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Abstract Title:

Ellagic acid&gallic acid from Lagerstroemia speciosa L. inhibit HIV-1 infection through inhibition of HIV-1 protease&reverse transcriptase activity.

Abstract Source:

Indian J Med Res. 2013 Mar ;137(3):540-8. PMID: 23640562

Abstract Author(s):

, Manoj Modi, Tanvi Goel, Tiyasa Das, Shweta Malik, Samiksha Suri, Ajay Kumar Singh Rawat, Sharad Kumar Srivastava, Rakesh Tuli, Swadesh Malhotra, Satish Kumar Gupta

Article Affiliation:

Abstract:

BACKGROUND & OBJECTIVES: Banaba (Lagerstroemia speciosa L.) extracts have been used as traditional medicines and are effective in controlling diabetes and obesity. The aim of this study was to evaluate the anti-HIV property of the extracts prepared from the leaves and stems of banaba, and further purification and characterization of the active components.

METHODS: Aqueous and 50 per cent ethanolic extracts were prepared from leaves and stems of banaba and were evaluated for cytotoxicity and anti-HIV activity using in vitro reporter gene based assays. Further, three compounds were isolated from the 50 per cent ethanolic extract of banaba leaves using silica gel column chromatography and characterization done by HPLC, NMR and MS analysis. To delineate the mode of action of the active compounds, reverse transcriptase assay and protease assay were performed using commercially available kits.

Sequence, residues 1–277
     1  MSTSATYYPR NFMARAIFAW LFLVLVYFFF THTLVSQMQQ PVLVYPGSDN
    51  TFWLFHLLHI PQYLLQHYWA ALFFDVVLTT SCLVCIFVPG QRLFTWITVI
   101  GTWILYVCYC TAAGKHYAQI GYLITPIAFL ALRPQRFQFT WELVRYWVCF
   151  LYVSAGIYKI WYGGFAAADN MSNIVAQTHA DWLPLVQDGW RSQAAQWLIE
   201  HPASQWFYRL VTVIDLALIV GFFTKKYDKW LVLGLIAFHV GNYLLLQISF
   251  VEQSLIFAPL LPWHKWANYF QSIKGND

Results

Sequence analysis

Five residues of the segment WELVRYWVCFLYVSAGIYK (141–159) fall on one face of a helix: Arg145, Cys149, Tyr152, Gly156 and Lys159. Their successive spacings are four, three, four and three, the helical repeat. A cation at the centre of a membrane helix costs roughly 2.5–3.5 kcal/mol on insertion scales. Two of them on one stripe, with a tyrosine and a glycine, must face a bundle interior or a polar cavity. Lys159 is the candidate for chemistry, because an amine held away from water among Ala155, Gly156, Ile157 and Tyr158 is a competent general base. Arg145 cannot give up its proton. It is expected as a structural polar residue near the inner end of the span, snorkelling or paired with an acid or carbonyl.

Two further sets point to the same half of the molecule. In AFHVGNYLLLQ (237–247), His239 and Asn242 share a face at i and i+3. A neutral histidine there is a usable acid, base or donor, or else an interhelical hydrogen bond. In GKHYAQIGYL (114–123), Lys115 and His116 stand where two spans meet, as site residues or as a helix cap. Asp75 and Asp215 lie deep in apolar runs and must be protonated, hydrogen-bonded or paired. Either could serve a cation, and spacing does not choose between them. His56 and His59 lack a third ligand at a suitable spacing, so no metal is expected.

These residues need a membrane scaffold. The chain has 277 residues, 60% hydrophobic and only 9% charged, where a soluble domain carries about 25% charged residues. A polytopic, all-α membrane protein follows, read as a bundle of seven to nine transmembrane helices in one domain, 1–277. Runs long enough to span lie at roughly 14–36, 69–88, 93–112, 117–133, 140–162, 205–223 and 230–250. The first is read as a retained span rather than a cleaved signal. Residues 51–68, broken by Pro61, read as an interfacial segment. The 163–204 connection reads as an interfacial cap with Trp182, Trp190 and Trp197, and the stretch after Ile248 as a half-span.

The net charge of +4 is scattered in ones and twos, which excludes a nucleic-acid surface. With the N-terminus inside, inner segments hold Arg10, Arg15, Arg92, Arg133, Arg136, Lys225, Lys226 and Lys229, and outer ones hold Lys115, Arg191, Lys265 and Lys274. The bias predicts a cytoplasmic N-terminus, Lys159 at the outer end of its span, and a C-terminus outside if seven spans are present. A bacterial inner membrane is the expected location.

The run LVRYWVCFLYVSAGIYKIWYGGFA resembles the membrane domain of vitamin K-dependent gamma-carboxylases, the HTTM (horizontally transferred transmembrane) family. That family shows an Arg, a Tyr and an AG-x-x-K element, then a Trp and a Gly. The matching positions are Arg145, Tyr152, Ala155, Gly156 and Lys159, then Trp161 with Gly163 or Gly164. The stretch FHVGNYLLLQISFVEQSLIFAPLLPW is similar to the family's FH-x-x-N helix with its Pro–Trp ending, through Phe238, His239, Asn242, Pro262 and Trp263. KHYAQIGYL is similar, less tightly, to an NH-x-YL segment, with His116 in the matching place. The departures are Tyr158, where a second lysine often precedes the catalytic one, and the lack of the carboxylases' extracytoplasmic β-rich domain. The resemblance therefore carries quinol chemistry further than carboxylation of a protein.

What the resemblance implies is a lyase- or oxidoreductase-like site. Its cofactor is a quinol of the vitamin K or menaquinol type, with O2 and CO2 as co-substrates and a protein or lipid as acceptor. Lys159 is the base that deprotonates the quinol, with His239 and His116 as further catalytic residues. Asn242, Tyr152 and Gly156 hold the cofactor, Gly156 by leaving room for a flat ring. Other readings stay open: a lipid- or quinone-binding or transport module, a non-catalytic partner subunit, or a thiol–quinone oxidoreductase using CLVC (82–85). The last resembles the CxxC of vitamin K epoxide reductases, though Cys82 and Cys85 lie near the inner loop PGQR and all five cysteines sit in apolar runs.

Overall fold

RESULTS: All the extracts showed a dose dependent inhibition of HIV-1-infection in TZM-bl and CEM-GFP cell lines with a maximum from the 50 per cent ethanolic extract from leaves (IC 50 = 1 to 25μg/ml). This observation was confirmed by the virus load (p24) estimation in infected CEM-GFP cells when treated with the extracts. Gallic acid showed an inhibition in reverse transcriptase whereas ellagic acid inhibited the HIV-1 protease activity.

INTERPRETATION & CONCLUSIONS: The present study shows a novel anti-HIV activity of banaba. The active components responsible for anti-HIV activity were gallic acid and ellagic acid, through inhibition of reverse transcriptase and HIV protease, respectively and hence could be regarded as promising candidates for the development of topical anti-HIV-1 agents.

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